The small Red Bull junior team is a bit of an enigma. They were clearly faster than the back marker teams last year but, for most of 2012, they weren’t near the top of the midfield. This will be something they are desperate to change not just for the sake of the team, but also for the sake of their drivers.
As the junior team for Red Bull, Toro Rosso is regarded as the sort of proving grounds for future Red Bull F1 drivers. This means, though, that their drivers need a decent, competitive car that will allow them to show their talent, or, sometimes, expose their lack of it. Toro Rosso put their renowned cutthroat way of doing things to work when they let the highly regarded Jaime Alguesuari and Sebastien Buemi go at the end of 2011. The split with the former was very sour as he had a falling out with Helmut Marko in Korea.
Last year, the car’s major problem was its setup window. The STR7 was hard to set up to the drivers’ liking, and once there, hard to keep. Daniel and Jean Eric have completely different driving styles, the former a Button-like smooth sailor and the latter an aggressive, Hamilton-like hard charger.
The polarity within the team in terms of driving styles means that the car needs to be very malleable in its setup window. In testing, the car hasn’t proved to be the easiest car to driver, and it hasn’t proven the quickest leading many to believe Toro Rosso is set for another year in obscurity. That is saying something considering it is a midfield team.
Jean Eric Vergne:
It is hard to talk in detail about the two Toro Rosso drivers. Jean Eric Vergne has a very impressive junior record, as do most Red Bull junior drivers. However, his relative obscurity has put his future in the sport in danger. The youngest driver in the field last year, Jean was nearly always the one midfield driver eliminated in Q1, oftentimes being out-qualified by a Caterham or even two.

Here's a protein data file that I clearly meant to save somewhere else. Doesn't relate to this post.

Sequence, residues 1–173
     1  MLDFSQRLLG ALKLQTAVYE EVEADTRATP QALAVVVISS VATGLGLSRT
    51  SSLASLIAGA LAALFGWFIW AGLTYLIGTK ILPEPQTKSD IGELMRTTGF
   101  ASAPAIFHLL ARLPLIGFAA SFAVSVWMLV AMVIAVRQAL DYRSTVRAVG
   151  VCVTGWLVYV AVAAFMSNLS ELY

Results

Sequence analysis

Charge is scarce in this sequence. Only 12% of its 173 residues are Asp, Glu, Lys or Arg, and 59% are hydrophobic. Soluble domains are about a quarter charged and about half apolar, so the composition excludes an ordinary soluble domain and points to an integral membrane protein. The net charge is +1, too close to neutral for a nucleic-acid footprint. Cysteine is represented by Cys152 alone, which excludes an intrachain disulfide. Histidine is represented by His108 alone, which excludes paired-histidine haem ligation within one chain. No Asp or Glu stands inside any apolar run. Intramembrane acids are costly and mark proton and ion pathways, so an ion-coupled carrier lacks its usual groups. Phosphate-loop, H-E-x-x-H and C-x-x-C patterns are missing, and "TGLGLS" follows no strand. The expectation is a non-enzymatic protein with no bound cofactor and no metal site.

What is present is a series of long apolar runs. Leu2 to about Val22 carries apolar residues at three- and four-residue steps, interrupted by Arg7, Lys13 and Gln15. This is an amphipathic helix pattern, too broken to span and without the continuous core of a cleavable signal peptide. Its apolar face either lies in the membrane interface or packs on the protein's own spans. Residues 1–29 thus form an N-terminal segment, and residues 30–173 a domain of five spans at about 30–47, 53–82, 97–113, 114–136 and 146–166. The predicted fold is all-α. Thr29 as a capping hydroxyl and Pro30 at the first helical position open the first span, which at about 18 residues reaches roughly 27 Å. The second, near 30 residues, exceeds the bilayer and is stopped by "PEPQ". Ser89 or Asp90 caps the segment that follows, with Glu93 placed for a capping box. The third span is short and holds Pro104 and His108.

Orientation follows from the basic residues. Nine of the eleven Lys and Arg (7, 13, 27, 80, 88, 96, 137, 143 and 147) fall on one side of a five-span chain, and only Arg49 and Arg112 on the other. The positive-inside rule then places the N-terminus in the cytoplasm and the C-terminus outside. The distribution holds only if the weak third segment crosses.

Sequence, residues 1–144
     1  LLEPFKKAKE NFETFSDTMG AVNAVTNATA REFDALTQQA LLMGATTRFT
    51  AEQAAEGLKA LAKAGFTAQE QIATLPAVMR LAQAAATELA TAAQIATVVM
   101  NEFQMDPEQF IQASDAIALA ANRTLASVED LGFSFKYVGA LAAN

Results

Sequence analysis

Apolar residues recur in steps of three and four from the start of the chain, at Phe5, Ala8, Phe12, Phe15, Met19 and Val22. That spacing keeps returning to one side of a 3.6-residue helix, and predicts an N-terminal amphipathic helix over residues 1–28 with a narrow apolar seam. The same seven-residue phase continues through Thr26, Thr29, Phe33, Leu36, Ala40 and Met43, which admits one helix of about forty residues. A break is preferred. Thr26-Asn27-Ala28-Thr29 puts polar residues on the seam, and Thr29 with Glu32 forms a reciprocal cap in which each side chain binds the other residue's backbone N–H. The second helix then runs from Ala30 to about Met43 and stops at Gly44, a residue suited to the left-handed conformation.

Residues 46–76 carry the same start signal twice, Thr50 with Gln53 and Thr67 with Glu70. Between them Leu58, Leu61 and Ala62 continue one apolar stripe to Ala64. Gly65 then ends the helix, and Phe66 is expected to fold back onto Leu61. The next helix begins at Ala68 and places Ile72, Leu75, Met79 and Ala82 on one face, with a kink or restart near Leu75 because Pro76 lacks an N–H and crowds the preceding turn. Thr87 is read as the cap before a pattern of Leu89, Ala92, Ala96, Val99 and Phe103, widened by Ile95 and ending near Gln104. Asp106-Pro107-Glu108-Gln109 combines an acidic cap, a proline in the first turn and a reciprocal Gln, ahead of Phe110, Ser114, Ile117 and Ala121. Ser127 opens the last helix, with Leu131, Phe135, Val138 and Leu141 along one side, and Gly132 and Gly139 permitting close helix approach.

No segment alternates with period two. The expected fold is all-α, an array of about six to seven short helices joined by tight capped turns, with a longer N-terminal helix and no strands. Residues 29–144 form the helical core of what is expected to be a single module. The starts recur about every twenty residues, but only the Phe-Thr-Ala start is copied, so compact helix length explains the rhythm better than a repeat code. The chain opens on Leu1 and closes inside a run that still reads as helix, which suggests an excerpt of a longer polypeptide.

The only thing improving his reputation is his race craft. Despite his consistently poor qualifying performances, he almost had double the points of his teammate at the end of the 2012 season. His performances in races may be the thing that saves his career if it comes to that point.
Jean needs to improve vastly in qualifying if he is to keep his place in the Red Bull “family”. With the highly regarded Antonio Felix da Costa breathing down both drivers’ necks, the Frenchman will need to up his game in what could be a career-defining season.
Like Jean Eric, Daniel is a man with a target on his back. While he performed more consistently than the Frenchman, he didn’t score as many points as him. The Aussie cited a lack of aggression as the cause of this. That will not sit well with the big wigs at Red Bull.
The drinks giant went out on a limb to give Daniel his F1 debut in 2011 with HRT. He performed well enough to warrant a move to Toro Rosso, but he didn’t entirely impress once there. Other than his shock 6th place grid position in Bahrain, Daniel wasn’t a stand out performer in 2012.
If Daniel is to have a long-term future in the sport, he will have to start bringing up the level of his aggression. There is no point for him to be in F1 if he is afraid to put himself out there and fight for a position, regardless if it is for the win, the final point or for 18th place.